When a job seeker tries, but fails, to get a job in a particular field, the problem is often that he or she did not understand the requirements for consideration.
When a job seeker tries, but fails, to get a job in a particular field, the problem is often that he or she did not understand the requirements for consideration. For instance, a bank teller who applies for a senior accountant position at the same bank but who doesn’t have any CPA training has failed to realize what skills are needed to perform the job.
But what about the employers? Do they know the specific skill sets and experience needed to perform every job opening? According to author and former headhunter Paul Hill, even hiring managers can fail to express what is needed to perform the job duties. For this reason, he says, job seekers must always be prepared to ask questions about objectives and responsibilities in the interview or pre-interview stages.
“In my role as a headhunter, I was frequently given job descriptions that required a Ph.D. for education,” Hill wrote in his 2012 book, The Panic Free Job Search. “When I probed and asked, ‘Why do you require a Ph.D.?’ the answer was, ‘Because the job requires it.'” When pressed for an explanation as to why a Ph.D. could perform the duties of a particular job and not, say, a candidate with a bachelor of science degree, the clients invariably responded that a Ph.D. “has always been the requirement of the position.”
Once Hill deconstructed each job description down to its basic elements — what problems needed to be solved, what competencies were needed to reach these solutions, etc. — he often managed to convince the hiring managers that there were qualified candidates available who didn’t have Ph.D.’s but who had mastered the skills needed to perform the job just as well.
Job seekers don’t always need a headhunter to reach these same conclusions, Hill says. The same tactic can be used in an in-person job interview or perhaps a phone screen. Depending on the answers, the job seeker may succeed in effectively rewriting the job description — often in their favor — sometimes in mid-interview.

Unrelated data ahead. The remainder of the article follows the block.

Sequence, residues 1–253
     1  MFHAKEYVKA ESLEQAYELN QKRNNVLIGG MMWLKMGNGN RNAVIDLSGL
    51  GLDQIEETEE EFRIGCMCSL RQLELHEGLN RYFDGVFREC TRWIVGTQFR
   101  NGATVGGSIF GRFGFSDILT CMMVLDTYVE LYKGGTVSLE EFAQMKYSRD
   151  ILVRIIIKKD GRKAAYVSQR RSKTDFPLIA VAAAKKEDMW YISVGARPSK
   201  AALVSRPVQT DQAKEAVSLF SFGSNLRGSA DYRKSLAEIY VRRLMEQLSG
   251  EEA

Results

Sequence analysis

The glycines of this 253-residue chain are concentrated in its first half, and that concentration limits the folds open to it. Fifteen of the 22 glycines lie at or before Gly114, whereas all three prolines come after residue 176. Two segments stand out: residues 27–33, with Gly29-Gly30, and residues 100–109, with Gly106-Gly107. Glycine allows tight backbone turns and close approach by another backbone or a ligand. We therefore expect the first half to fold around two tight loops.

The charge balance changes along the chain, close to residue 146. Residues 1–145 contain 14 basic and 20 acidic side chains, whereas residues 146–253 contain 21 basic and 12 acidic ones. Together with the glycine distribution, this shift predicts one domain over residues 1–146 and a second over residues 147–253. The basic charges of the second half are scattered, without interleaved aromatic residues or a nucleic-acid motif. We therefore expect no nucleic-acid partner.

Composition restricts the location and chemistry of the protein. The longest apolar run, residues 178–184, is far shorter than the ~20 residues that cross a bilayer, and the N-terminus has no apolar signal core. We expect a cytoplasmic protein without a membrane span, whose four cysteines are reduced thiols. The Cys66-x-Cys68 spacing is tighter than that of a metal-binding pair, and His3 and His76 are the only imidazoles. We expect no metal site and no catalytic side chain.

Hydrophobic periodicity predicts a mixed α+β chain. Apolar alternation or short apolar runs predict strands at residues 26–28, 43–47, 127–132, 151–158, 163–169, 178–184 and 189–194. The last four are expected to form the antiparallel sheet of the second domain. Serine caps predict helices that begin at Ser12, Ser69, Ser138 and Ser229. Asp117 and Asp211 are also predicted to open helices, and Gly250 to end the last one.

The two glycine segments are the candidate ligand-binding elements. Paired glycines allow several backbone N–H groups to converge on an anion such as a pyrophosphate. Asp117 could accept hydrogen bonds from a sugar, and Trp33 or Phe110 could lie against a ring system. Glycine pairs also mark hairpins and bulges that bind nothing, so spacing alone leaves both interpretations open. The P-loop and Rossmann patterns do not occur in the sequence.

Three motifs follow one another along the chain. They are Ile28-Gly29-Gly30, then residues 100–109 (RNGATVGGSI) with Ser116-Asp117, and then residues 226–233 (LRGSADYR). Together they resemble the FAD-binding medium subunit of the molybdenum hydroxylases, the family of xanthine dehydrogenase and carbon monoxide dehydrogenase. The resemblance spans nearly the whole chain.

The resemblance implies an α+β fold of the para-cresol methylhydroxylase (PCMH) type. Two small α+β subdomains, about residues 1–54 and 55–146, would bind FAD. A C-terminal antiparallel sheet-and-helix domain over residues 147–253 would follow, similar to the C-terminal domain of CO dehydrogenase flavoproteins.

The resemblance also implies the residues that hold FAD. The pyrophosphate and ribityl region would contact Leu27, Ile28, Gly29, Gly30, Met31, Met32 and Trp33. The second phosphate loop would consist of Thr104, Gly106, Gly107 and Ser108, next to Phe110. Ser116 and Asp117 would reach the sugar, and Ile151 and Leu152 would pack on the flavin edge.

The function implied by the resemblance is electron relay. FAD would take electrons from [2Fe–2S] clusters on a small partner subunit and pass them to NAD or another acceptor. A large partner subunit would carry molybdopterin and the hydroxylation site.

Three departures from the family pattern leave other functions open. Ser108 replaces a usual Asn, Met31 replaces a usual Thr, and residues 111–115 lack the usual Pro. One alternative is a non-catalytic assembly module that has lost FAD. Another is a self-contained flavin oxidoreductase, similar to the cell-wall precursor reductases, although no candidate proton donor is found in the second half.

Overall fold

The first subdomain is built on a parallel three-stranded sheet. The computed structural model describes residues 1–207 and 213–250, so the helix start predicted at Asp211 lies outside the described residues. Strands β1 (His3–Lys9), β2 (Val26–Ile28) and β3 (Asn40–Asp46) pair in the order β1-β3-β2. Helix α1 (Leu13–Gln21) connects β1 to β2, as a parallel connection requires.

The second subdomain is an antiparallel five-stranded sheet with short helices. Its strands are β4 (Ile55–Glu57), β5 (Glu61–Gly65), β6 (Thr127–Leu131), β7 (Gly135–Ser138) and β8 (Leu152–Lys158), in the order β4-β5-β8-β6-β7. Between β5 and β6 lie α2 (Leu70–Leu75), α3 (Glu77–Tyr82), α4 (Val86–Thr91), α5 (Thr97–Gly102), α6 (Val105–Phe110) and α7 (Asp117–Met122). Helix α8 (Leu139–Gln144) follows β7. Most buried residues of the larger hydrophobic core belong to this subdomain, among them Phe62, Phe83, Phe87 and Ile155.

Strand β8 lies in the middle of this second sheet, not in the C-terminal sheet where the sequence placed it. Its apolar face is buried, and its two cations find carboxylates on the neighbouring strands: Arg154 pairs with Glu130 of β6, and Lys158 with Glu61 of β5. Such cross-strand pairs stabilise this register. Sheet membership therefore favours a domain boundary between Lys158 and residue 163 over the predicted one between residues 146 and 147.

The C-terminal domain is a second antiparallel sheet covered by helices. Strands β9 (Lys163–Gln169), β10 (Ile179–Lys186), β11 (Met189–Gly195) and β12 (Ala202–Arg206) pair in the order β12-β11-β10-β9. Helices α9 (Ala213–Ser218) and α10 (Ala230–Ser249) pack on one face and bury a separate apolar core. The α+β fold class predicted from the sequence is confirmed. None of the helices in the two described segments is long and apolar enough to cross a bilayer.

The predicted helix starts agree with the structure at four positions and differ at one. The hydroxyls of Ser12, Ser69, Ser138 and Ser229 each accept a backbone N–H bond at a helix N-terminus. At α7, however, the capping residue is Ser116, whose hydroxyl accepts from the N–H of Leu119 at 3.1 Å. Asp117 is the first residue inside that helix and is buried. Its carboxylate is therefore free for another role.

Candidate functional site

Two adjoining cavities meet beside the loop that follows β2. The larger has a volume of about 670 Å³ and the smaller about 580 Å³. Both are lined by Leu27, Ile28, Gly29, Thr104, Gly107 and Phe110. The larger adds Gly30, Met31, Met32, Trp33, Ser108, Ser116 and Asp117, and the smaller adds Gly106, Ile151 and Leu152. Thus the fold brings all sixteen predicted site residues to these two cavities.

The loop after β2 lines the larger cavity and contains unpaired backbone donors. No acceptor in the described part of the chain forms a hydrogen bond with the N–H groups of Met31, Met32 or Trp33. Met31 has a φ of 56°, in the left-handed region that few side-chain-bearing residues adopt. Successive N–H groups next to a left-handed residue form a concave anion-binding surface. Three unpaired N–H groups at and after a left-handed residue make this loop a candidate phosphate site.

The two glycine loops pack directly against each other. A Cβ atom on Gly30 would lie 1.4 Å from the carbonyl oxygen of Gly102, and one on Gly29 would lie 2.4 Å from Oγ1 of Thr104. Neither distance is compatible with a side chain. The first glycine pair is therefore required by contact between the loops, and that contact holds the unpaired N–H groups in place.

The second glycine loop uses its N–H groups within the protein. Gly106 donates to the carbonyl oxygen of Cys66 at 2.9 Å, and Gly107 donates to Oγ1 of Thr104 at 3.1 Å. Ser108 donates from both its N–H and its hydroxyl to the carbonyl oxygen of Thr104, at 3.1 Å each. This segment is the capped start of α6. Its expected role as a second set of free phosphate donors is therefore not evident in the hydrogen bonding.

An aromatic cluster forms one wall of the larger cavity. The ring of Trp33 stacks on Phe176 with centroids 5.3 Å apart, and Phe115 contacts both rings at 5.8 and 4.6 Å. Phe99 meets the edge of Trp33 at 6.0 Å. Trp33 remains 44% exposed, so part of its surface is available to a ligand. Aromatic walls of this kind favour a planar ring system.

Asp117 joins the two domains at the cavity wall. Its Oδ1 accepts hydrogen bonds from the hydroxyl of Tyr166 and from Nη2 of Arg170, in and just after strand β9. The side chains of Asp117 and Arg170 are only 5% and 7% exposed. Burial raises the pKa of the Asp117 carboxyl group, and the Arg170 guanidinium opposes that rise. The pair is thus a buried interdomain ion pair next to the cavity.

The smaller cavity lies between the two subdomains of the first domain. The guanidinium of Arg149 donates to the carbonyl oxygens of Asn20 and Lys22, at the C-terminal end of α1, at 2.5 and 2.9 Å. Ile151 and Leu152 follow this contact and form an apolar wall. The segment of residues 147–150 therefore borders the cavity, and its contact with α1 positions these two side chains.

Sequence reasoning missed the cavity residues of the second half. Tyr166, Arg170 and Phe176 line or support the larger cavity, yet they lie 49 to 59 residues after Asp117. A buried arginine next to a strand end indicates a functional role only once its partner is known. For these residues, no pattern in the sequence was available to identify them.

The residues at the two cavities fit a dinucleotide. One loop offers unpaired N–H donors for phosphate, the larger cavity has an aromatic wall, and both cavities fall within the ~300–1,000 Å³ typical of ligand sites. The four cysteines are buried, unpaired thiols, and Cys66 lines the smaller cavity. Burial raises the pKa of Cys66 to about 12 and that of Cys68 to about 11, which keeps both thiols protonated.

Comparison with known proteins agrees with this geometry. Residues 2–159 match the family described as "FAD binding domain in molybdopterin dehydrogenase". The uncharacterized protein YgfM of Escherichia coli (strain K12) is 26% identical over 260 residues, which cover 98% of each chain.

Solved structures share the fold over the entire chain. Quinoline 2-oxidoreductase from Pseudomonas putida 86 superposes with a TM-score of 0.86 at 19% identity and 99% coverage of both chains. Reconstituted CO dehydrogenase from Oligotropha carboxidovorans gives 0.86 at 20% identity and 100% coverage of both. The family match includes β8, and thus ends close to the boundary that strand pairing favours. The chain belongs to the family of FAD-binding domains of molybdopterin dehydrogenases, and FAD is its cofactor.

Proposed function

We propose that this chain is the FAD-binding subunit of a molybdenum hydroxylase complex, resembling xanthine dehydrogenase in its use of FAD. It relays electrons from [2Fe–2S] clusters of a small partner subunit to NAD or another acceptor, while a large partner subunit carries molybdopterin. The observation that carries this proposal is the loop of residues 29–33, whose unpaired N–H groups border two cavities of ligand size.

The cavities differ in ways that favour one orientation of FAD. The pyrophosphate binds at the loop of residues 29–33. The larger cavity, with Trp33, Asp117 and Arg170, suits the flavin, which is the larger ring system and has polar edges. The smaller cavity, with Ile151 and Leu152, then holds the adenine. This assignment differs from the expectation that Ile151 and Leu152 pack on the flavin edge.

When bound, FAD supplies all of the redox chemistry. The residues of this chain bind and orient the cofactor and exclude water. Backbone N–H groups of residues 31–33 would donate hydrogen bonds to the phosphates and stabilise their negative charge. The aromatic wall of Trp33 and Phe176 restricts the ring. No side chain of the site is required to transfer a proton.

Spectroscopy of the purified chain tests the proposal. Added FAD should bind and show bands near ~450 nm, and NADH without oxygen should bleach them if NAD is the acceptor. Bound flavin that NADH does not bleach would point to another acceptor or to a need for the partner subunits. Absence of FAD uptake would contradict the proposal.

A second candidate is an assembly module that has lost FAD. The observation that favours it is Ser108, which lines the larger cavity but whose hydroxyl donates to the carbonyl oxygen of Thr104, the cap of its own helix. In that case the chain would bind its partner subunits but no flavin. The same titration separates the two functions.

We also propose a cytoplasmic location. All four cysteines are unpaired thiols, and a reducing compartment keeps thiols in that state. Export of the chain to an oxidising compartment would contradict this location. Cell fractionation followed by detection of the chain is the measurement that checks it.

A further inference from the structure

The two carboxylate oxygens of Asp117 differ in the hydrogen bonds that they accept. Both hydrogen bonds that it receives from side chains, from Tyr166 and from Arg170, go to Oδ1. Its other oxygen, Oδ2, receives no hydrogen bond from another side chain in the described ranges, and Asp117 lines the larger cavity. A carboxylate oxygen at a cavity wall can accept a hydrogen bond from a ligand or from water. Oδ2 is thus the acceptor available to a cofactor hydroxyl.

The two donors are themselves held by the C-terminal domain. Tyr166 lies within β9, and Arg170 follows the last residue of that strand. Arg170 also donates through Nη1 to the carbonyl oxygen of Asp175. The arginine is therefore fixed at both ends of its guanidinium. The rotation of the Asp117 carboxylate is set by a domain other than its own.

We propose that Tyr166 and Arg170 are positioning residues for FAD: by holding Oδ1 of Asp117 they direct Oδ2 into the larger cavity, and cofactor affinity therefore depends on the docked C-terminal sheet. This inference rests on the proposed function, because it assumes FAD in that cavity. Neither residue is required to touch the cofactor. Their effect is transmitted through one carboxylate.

Before your next interview, come prepared with a list of questions for the interviewer, such as:
- “What problems would you like to see tackled and resolved in the next three months/six months/year?”
- “What do you see as the potential roadblocks to success in solving these problems?”
- “What would I be doing on a day-to-day basis?”
- “What is the primary objective of the manager in hiring someone for this position?”
- “Why is the position available?”
- “How does this position fit into the big picture of what needs to be accomplished by the the department/division/company?”
- “What performance standards define success in this position?”
- “What is your management style? What can I expect from you in terms of guidance, support and leadership?”
Some of the questions may seem unorthodox or provocative, but they will show your willingness to understand the core principles of the job and may provide insight into how well you would fit into the organization’s culture.
“What you are looking for here are the impediments that would/could stop a person from achieving the stated targets or solving the problems that need solving,” Hill writes in his book. “Once you know what the interviewer perceives as the hurdles to success, you can point out how you can overcome those hurdles and succeed.”